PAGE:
A male Pink Salmon (Oncorhynchus gorbuscha) was caught in nets in the Tweed District on 2nd August. Male Pink Salmon are particularly distinctive as they develop a very prominent hump in front of the dorsal fin as well as a kype when sexually mature – summer is their spawning period.  Females are less obviously distinctive, but the heavily spotted tail, characteristic of Pacific salmonids, should immediately show them to be something very different from our native fish.

Pink Salmon were introduced to some Russian rivers around the White Sea in the 1960s and have since spread westwards and have now colonised some northern Norwegian rivers. There is also an introduced population in Newfoundland from which some rivers in Nova Scotia and Quebec have been colonised, but the most likely source of the fish that have turned up in the Tweed will be northern Norway.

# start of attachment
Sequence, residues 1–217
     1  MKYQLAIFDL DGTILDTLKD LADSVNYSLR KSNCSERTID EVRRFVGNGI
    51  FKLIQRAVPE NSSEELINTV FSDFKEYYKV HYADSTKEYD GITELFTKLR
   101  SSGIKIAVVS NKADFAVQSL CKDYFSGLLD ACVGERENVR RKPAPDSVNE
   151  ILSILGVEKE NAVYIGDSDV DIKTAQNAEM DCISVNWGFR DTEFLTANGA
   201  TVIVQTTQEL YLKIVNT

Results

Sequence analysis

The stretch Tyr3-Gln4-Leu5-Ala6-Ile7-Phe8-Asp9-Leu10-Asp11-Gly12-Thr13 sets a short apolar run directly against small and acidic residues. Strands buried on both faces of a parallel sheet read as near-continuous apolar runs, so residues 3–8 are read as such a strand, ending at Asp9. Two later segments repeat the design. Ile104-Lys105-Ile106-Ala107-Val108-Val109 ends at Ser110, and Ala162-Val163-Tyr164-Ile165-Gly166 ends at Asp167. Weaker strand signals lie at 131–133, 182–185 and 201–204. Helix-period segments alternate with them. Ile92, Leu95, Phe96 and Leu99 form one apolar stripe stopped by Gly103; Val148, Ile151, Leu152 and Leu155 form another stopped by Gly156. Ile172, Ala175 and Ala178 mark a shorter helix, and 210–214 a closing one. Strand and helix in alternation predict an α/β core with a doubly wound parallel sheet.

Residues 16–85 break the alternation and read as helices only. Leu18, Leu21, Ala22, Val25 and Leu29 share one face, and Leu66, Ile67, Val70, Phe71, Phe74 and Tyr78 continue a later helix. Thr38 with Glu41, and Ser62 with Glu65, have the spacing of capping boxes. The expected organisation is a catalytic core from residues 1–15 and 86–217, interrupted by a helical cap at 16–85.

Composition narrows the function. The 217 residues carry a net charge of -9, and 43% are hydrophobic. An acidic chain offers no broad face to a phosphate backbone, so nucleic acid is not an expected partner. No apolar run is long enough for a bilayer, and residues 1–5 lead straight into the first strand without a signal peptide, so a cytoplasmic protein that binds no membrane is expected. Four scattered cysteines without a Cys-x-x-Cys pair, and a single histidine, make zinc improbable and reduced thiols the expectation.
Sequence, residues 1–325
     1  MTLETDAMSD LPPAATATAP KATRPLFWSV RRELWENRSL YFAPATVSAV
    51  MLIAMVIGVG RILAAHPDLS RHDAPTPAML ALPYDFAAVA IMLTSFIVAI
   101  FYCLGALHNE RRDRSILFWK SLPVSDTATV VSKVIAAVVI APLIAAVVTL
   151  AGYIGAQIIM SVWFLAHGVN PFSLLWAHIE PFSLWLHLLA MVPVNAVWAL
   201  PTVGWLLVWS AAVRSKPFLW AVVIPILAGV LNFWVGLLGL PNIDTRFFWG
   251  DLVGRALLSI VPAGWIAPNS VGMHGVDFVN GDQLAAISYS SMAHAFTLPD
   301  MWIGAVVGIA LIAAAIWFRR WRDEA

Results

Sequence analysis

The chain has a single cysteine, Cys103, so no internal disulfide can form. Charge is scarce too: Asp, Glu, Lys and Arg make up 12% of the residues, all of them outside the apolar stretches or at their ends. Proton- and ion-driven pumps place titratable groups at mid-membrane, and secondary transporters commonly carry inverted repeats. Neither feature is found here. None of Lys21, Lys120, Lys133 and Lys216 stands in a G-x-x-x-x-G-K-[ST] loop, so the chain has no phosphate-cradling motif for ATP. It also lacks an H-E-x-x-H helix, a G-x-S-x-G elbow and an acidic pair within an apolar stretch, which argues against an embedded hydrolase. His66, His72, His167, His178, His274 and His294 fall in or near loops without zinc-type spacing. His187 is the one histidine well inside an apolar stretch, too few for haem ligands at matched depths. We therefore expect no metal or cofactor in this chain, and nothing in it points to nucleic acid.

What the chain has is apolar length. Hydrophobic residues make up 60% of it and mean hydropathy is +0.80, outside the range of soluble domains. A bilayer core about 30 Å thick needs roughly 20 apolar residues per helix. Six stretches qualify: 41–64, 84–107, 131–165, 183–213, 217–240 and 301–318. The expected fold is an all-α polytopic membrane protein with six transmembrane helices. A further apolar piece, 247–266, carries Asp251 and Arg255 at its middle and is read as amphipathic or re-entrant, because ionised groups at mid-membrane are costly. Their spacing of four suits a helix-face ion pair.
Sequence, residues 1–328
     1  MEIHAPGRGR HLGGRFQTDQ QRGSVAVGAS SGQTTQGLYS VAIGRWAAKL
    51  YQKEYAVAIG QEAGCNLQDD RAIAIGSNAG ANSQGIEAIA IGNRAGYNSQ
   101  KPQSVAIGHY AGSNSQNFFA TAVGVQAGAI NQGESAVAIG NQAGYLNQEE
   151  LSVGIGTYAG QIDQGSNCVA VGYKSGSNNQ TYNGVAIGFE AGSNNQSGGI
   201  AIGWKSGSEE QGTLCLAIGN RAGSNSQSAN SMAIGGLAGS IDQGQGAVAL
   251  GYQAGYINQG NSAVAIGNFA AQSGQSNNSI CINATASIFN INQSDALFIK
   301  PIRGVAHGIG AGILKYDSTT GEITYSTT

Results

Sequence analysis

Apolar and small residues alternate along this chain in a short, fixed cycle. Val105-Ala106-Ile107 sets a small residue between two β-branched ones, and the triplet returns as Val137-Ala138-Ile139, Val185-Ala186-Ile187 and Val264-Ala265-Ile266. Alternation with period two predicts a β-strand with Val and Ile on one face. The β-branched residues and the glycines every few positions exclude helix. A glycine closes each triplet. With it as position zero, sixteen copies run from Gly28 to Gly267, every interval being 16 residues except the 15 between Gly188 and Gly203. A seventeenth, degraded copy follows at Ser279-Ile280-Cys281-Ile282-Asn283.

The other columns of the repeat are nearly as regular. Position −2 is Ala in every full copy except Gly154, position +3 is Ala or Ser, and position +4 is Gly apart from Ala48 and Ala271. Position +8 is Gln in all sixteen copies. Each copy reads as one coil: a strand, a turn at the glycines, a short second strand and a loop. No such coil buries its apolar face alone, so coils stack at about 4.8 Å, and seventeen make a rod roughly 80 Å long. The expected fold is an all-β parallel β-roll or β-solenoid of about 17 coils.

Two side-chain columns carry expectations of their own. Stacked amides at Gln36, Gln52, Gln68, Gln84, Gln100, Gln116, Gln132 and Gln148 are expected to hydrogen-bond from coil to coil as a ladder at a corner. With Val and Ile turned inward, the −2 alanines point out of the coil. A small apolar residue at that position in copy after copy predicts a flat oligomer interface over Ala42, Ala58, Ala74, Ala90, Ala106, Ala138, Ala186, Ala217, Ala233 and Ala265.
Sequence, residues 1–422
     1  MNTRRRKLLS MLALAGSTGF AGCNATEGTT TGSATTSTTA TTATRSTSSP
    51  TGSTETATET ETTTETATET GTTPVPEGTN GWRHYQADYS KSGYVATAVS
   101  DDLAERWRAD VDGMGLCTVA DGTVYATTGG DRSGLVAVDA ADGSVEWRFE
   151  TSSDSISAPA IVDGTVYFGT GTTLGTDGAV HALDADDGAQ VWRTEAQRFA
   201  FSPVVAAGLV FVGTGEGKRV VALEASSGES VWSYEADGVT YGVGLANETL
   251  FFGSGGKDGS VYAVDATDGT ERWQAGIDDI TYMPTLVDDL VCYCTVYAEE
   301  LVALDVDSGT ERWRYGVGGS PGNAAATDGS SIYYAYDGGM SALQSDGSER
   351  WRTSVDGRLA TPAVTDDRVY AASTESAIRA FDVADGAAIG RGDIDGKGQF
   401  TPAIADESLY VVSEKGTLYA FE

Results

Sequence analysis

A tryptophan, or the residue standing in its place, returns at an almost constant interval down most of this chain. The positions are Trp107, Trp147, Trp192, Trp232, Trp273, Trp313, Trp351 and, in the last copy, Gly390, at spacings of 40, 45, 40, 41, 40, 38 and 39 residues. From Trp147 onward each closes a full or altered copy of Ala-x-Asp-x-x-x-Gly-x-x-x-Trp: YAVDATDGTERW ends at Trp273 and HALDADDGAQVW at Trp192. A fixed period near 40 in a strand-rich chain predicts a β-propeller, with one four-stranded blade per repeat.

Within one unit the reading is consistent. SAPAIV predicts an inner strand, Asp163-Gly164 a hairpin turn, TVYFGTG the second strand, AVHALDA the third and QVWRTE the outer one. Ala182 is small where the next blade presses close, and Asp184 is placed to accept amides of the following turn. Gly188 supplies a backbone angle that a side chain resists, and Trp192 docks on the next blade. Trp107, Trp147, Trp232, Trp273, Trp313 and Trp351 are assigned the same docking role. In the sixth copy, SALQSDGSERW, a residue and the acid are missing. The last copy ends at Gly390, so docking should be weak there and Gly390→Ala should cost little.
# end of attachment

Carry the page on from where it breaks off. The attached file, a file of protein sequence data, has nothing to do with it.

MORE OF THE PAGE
Since this species appears to be able to spread its range (as shown by the colonisation of rivers in northern Norway and eastern Canada) it is possible that this species could successfully spawn in Scotland. Please therefore report any sightings to ASFB and Marine Scotland Science and any angler who catches one should remove it from the river.

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River Tweed Commission

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